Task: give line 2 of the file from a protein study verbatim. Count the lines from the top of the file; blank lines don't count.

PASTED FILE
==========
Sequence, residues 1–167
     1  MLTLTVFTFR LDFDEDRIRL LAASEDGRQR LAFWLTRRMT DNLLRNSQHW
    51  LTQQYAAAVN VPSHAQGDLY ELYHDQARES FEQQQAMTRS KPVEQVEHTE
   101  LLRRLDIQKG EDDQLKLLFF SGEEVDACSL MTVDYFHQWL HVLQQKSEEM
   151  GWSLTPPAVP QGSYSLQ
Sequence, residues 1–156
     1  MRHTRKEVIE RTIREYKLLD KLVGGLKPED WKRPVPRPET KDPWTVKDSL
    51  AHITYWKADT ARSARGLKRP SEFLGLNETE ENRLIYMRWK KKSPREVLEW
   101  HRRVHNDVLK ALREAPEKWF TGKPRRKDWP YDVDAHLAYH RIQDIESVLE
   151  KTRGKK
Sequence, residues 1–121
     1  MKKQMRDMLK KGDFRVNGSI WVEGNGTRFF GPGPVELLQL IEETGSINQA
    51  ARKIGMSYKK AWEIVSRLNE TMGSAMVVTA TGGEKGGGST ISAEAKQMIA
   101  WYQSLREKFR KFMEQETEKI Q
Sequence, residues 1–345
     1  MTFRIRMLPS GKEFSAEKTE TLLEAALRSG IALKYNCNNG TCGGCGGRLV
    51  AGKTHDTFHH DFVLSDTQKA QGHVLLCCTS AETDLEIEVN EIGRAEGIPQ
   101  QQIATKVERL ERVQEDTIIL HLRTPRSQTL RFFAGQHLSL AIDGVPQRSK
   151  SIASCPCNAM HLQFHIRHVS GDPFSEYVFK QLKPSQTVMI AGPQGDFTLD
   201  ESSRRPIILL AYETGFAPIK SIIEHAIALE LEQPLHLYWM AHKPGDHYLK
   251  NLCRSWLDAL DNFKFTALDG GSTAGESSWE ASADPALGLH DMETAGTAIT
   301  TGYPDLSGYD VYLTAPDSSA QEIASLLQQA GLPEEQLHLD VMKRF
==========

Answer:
     1  MLTLTVFTFR LDFDEDRIRL LAASEDGRQR LAFWLTRRMT DNLLRNSQHW